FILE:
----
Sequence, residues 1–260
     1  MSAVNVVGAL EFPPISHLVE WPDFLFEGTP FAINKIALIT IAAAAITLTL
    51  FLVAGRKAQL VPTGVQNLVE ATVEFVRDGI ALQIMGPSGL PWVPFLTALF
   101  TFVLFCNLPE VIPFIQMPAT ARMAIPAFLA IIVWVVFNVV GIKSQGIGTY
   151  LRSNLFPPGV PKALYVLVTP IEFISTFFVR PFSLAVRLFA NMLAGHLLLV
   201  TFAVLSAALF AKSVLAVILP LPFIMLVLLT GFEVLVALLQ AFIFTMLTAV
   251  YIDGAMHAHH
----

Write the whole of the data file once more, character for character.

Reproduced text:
Sequence, residues 1–260
     1  MSAVNVVGAL EFPPISHLVE WPDFLFEGTP FAINKIALIT IAAAAITLTL
    51  FLVAGRKAQL VPTGVQNLVE ATVEFVRDGI ALQIMGPSGL PWVPFLTALF
   101  TFVLFCNLPE VIPFIQMPAT ARMAIPAFLA IIVWVVFNVV GIKSQGIGTY
   151  LRSNLFPPGV PKALYVLVTP IEFISTFFVR PFSLAVRLFA NMLAGHLLLV
   201  TFAVLSAALF AKSVLAVILP LPFIMLVLLT GFEVLVALLQ AFIFTMLTAV
   251  YIDGAMHAHH